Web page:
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An internal investigation and voluntary disclosure by Pfizer led to a settlement with the US Department of Justice and Securities and Exchange Commission.
Pfizer has resolved with the US Department of Justice (DOJ) and Securities and Exchange Commission (SEC) matters related to certain improper payments in the operations of two of its subsidiaries outside the United States.
A Pfizer subsidiary (Pfizer H.C.P. Corporation) will enter into a deferred prosecution agreement with the DOJ and pay a fine of $15 million. Under the terms of a civil settlement with the SEC, Pfizer agreed to a disgorgement of profits of $16 million and prejudgment interest of $10.3 million. The DOJ declined to bring a criminal action against Pfizer. The DOJ settlement with Pfizer H.C.P. Corporation covers improper conduct in Bulgaria, Croatia, Kazakhstan, and Russia. The Pfizer SEC civil settlement covers improper conduct in all of these countries as well as in Italy, China, the Czech Republic, and Serbia. As part of its agreement with the DOJ, Pfizer H.C.P. Corporation will continue to cooperate with the DOJ for a period of two years in connection with its settlement.
In a separate civil settlement with the SEC, Pfizer’s Wyeth subsidiary has agreed to a disgorgement of profits of $17.2 million and prejudgment interest of $1.66 million to resolve issues involving certain improper payments in the operations of four subsidiaries outside the US. Pfizer conducted a risk-based Foreign Corrupt Practices Act due-diligence review of Wyeth’s global operations after it acquired the company in late 2009, and voluntarily disclosed these issues to the US government, according to an Aug. 7, 2012, Pfizer press release. Pfizer’s postacquisition due diligence review of Wyeth identified certain improper payments in China, Saudi Arabia, Indonesia, and Pakistan.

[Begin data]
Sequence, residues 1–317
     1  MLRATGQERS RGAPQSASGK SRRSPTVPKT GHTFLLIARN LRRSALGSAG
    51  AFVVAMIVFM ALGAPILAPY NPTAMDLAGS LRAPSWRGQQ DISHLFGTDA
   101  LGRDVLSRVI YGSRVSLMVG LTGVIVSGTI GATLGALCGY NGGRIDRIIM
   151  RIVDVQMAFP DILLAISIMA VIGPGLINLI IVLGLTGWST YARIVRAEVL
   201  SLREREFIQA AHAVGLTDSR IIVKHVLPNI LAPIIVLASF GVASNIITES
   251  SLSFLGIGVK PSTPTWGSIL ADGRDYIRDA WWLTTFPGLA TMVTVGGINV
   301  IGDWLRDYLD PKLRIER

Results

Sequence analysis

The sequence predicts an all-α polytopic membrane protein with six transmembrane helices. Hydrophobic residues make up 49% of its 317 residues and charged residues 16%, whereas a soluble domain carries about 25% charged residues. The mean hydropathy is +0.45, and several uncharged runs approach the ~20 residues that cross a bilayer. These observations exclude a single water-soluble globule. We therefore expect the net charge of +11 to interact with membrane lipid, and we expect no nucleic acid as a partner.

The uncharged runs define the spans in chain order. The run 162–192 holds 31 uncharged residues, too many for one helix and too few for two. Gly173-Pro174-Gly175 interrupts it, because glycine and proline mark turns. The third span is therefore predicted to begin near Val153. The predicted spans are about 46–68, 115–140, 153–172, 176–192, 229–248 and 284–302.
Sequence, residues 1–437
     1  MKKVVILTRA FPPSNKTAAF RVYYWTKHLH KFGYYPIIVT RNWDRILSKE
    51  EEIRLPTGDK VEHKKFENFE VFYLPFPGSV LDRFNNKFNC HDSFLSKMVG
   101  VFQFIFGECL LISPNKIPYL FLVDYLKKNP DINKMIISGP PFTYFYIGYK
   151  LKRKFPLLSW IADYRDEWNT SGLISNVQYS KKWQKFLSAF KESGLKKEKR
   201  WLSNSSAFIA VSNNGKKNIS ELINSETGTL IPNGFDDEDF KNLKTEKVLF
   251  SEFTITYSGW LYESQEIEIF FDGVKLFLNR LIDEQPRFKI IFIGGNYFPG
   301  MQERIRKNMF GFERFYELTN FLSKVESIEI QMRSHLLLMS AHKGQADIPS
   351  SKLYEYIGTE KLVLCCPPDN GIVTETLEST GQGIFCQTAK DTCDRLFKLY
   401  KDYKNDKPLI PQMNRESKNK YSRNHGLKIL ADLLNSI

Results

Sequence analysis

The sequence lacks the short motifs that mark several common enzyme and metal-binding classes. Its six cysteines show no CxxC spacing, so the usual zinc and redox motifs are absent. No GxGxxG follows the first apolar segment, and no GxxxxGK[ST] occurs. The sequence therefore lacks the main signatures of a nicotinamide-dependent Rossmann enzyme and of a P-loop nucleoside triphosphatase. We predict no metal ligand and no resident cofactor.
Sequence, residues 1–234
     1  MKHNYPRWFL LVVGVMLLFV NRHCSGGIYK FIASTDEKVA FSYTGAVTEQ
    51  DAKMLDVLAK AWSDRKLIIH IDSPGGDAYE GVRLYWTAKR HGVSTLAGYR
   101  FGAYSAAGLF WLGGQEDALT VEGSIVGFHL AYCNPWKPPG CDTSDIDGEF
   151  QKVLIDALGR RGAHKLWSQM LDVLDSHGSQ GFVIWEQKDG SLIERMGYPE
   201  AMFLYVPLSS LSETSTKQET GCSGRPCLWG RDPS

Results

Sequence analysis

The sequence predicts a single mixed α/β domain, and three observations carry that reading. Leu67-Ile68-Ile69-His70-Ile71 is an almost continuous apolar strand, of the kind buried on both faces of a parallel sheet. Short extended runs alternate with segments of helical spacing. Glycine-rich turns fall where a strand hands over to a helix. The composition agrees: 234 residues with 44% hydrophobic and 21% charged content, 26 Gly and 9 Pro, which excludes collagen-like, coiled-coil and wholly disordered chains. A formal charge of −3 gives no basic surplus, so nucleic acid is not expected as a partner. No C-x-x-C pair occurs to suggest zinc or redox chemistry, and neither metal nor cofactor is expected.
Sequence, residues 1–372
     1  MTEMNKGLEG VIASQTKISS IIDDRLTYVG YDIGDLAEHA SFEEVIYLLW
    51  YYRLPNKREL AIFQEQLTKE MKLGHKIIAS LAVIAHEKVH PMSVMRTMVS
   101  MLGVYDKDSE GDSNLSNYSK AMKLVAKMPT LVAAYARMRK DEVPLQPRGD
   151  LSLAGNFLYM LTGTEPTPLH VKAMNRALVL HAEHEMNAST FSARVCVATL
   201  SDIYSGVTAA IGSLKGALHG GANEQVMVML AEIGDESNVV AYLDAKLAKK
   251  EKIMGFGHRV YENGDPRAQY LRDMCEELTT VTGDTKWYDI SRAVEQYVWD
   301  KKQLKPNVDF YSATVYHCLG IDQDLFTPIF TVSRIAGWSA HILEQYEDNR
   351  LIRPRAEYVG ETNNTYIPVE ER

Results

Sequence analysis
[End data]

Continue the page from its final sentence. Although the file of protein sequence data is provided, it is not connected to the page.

“There is no allegation by either DOJ or SEC that anyone at Pfizer’s or Wyeth’s corporate headquarters knew of or approved the conduct at issue before Pfizer took appropriate action to investigate and report it, “ said Pfizer in its release. “As soon as these local activities came to the attention of Pfizer’s corporate headquarters, they were voluntarily brought to the attention of the DOJ and SEC. Today’s settlements are focused solely on these local activities.”
All the conduct at issue was investigated by Pfizer and voluntarily disclosed to the US government, according to the company. Pfizer began self-reporting to the US government in 2004 after the discovery of certain improper payments that had been made by employees of a recently acquired Pfizer affiliate in Croatia. Pfizer legal and compliance staff, outside counsel and auditors, conducted an internal investigation and regularly briefed DOJ and SEC on its findings, said Pfizer in its release.